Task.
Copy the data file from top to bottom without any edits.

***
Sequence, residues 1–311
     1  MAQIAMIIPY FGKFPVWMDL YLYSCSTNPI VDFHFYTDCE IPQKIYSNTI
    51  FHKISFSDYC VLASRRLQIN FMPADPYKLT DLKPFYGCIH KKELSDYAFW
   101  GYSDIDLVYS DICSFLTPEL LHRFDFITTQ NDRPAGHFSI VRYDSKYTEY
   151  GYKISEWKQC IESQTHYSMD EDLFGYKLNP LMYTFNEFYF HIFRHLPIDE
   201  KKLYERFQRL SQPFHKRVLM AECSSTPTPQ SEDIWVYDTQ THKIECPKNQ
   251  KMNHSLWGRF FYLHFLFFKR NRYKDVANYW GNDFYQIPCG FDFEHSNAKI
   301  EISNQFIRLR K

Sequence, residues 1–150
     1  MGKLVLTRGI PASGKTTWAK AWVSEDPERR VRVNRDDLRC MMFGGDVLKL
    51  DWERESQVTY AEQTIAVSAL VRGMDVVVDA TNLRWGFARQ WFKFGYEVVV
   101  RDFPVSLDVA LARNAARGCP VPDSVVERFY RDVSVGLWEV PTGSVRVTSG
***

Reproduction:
Sequence, residues 1–311
     1  MAQIAMIIPY FGKFPVWMDL YLYSCSTNPI VDFHFYTDCE IPQKIYSNTI
    51  FHKISFSDYC VLASRRLQIN FMPADPYKLT DLKPFYGCIH KKELSDYAFW
   101  GYSDIDLVYS DICSFLTPEL LHRFDFITTQ NDRPAGHFSI VRYDSKYTEY
   151  GYKISEWKQC IESQTHYSMD EDLFGYKLNP LMYTFNEFYF HIFRHLPIDE
   201  KKLYERFQRL SQPFHKRVLM AECSSTPTPQ SEDIWVYDTQ THKIECPKNQ
   251  KMNHSLWGRF FYLHFLFFKR NRYKDVANYW GNDFYQIPCG FDFEHSNAKI
   301  EISNQFIRLR K

Sequence, residues 1–150
     1  MGKLVLTRGI PASGKTTWAK AWVSEDPERR VRVNRDDLRC MMFGGDVLKL
    51  DWERESQVTY AEQTIAVSAL VRGMDVVVDA TNLRWGFARQ WFKFGYEVVV
   101  RDFPVSLDVA LARNAARGCP VPDSVVERFY RDVSVGLWEV PTGSVRVTSG